Peforming OLS using number of care contacts per quarter results in an estimate of persistence of 0.778 (p<0.01)(results available upon request). Hence, the conclusion that a large share of the persistence of care is due to time-invariant individual characteristics is confirmed by this analysis, as this small quarterly difference between overall persistence of care and the direct care-effect of persistence will (given either the model in Eq. 1 or 2) result in a large yearly difference where the majority of yearly persistence can be explained by time-invariant individual characteristics.

Abbreviations

AR:

Autoregressive

ADHD:

Attention-deficit/hyperactivity disorder

DTC:

Diagnosis treatment combination

EMD:

Episodic mood disorders

GMM-IV:

General method of moments with instrumental variables

MA:

Moving average

PCR-NN:

Psychiatric case registry Northern Netherlands

PDD:

Pervasive developmental disorders

OLS:

Ordinary least squares

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Acknowledgements

This paper uses data from the Psychiatric Case Registry-Northern Netherlands (PCR-NN), which is maintained by the Rob Giel Onderzoekscentrum (RGOc). Our special thanks go out to Ellen Visser, for managing and providing the data. Furthermore, this paper was presented at the Boston 2017 Congress of the international Health Economics Association (iHEA), the 2017 European Network for Mental Health Service Evaluation (ENMESH), the 20th Annual European Congress of the International Society For Pharmacoeconomics and Outcomes Research (ISPOR), and at the CPB Netherlands Bureau for Economic Policy Analysis. We want to thank everyone present for their comments and feedback. Additionally, many thanks for invaluable comments from Erik Buskens, Maarten Postma, Minke Remmerswaal, Talitha Veenstra and Tom Wansbeek. Moreover, we want to thank two anonymous reviewers for their detailed feedback, insightful comments and their general help in improving the manuscript. Finally, the findings and views reported in this paper are those of the authors and should not be attributed to individuals or organisations mentioned here.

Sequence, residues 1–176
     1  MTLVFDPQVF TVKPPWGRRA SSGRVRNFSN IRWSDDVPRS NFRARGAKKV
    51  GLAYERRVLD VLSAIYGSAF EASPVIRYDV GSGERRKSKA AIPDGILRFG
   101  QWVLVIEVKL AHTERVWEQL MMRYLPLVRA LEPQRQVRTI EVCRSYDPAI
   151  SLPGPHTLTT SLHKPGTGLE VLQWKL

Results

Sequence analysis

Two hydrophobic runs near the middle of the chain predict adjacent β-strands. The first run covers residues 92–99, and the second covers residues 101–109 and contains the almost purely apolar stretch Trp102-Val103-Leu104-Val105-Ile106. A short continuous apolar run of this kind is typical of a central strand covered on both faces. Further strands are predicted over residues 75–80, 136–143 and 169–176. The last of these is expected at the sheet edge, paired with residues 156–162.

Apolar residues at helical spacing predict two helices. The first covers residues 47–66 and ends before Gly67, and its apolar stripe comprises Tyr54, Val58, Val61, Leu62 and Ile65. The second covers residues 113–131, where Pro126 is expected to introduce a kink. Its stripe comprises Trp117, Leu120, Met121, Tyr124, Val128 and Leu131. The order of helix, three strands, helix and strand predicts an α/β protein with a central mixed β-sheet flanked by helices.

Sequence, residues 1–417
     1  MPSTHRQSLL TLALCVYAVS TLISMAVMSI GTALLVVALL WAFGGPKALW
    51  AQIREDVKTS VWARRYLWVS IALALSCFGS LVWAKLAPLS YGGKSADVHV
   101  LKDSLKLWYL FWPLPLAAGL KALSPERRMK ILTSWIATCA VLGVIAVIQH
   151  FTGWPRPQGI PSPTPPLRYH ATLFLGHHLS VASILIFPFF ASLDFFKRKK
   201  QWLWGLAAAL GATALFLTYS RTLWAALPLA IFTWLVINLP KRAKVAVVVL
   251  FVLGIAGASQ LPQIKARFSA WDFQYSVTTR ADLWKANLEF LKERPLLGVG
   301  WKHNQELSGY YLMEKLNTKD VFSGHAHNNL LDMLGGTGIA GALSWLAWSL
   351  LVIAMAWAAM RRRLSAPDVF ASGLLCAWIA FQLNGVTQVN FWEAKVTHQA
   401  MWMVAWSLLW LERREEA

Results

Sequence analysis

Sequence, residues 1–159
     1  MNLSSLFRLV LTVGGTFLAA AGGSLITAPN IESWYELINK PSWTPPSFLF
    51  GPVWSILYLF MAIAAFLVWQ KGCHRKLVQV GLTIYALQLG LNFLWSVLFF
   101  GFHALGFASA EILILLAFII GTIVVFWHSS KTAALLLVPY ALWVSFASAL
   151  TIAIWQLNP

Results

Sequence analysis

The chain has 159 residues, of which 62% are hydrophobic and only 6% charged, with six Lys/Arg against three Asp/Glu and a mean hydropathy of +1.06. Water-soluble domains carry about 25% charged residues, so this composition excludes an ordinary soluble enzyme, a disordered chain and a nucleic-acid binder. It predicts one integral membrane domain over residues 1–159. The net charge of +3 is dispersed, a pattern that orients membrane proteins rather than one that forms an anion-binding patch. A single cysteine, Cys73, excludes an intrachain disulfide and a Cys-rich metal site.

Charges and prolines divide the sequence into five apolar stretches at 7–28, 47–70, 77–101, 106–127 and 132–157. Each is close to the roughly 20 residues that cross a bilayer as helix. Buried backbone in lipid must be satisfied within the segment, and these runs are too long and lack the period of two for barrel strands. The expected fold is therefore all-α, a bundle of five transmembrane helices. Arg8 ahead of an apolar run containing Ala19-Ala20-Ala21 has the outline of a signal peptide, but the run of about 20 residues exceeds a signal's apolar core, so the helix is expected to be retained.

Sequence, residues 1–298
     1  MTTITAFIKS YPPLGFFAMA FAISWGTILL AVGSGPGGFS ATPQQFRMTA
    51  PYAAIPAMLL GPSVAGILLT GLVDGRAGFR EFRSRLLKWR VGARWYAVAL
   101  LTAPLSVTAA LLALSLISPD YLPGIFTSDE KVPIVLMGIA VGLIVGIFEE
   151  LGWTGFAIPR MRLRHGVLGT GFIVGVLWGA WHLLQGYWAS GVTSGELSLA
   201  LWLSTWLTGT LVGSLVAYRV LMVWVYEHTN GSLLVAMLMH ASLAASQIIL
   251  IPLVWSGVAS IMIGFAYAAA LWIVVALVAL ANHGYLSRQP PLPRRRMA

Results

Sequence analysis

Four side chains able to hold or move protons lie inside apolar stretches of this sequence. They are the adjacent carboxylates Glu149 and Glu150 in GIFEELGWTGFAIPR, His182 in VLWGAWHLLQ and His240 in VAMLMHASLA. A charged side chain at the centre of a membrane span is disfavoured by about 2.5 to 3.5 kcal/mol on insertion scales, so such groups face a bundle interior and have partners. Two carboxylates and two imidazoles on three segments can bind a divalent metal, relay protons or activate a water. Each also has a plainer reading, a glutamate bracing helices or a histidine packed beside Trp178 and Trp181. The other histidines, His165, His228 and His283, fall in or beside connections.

Funding

This study was supported by the Dutch Child and Adolescent Psychiatry Centre Accare (PI: Jochen Mierau). However, Accare was not involved in the study design, the collection, analysis and interpretation of the data, the writing of the article, or in the decision to submit the research for publication.

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Authors

Contributions

All authors contributed to the study concept and design. HHD and RDF were both also responsible for the statistical analyses and drafting of the manuscript. RJMA and JOM were reponsible for critical revision of the manuscript for intellectual content. All authors have read and approved the manuscript.

Corresponding author

Correspondence to Roel D. Freriks.

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The PCR-NN used administrative mental healthcare data for which no ethical approval was needed.

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Not applicable.

Competing interests

The authors report a conflict of interest, as this work was supported by the Dutch Child and Adolescent Psychiatry Centre Accare. However, Accare was not involved in the study design, the collection, analysis and interpretation of the data, the writing of the article, or in the decision to submit the research for publication.

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Dijk, H.H., Freriks, R.D., Alessie, R.J. et al. The persistence of child and adolescence mental healthcare: results from registry data. BMC Health Serv Res 20, 1113 (2020). https://doi.org/10.1186/s12913-020-05962-4

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Keywords

  • Psychiatric
  • Healthcare
  • Register Data
  • Panel data models